A fun-loving group of American tourists vacationing in Panama indulges in obligatory music montages, slo-mo party sequences, and inexplicable shower scenes, because the script appears to have been written on a cocktail napkin.
Tiring of dancing, tequila shots, and adulting, the main character searches the internet for ‘local activities in Panama’, and he stumbles upon ominous stories about a dangerous area of jungle where teenagers routinely go missing, which incredulously piques his interest because of course it does.
After a segue into a brief, gauzy and totally unnecessary love scene, the group decides endangering themselves sounds like fun, even though they just viewed night-vision shaky cam footage of people being attacked by a wild, barely-visible creature in the very spot they plan on partying.
Then everyone goes surfing.
After journeying to the isolated spot which has some unsurprisingly necessary-to-the-plot intermittent cellphone coverage, they walk through the jungle and swim at a picturesque waterfall. Someone goes missing, darkness falls, and that means more walking through the jungle, only this time with flashlights.
Suddenly, someone spots a creature lurking in the foliage, then it’s time for running through the jungle with flashlights.
They get separated in the dark forbidding jungle, and then there’s more flashlights, running, and screaming.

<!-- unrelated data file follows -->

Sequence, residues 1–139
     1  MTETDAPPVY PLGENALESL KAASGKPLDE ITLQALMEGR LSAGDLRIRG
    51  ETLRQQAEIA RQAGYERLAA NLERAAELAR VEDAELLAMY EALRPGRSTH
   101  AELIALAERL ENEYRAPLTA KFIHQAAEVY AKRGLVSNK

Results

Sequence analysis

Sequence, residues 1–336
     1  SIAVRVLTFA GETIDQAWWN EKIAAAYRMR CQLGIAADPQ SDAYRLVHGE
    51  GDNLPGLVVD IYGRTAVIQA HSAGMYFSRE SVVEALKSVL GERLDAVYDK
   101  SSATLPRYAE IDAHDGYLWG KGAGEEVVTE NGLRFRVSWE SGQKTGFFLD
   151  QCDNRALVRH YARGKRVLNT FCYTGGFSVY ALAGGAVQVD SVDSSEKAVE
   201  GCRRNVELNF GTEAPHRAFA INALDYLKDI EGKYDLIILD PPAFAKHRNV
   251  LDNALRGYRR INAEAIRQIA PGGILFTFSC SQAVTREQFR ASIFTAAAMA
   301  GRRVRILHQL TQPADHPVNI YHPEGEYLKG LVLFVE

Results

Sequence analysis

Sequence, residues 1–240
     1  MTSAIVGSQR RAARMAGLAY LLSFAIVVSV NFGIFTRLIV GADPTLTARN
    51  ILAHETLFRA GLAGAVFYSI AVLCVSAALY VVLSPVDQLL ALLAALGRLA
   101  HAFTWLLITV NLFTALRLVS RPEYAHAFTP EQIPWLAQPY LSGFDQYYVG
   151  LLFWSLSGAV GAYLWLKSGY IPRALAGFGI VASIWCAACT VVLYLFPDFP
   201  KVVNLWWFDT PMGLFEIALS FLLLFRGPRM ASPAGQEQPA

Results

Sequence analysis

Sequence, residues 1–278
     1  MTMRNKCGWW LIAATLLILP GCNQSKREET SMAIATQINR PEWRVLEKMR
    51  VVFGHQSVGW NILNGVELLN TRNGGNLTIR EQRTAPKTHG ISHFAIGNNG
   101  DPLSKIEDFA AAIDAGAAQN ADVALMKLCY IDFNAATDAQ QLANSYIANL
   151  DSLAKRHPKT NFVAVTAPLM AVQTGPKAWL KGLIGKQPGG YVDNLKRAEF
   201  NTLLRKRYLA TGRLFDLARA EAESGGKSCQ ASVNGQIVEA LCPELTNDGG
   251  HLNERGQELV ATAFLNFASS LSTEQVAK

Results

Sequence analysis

Someone discovers a cave filled with bats and decomposing corpses, and the gooey, toothy creature
squats there gnawing on some leftover tourist remains. If this particular location in Panama
is so remote and dangerous, why are there so many tourist bones in the cave?
Only the art director knows for sure.
Thankfully, one of the character’s beta-tested facial recognition software causes their Youtube distress video to go viral because of course it does. Helicopters swarm over the area, and one of the tourists
gets attacked by a chupacabra on live TV in a LOL-worthy moment which culminates in an unintentionally hilarious tourist-slash-chupacabra tug-of-war.
Featuring board shorts, bikinis, and abundant flashlights, Indigenous’ wafer-thin plot is fleshed out by flesh.
Don’t get too excited, as it’s only the slightly naughty type that’s commonly found on Abercrombie and Fitch shopping bags, and it’s briefly exploited near exotic, tropical locales and devoured in dimly lit caves.
Indigenous disposable, uninteresting characters are the kind commonly found clutching a tropical beverage and raucously woo-hoo-ing near a palm-frond covered cabana, and they’re so interchangeable they couldn’t be picked out in a Hollister ad.
The somewhat opaque, butterfly-tongued monster is slightly interesting, but seldom seen, which is probably for the best.
Much like a chupacabra-fraught rain forest, I would avoid Indigenous.
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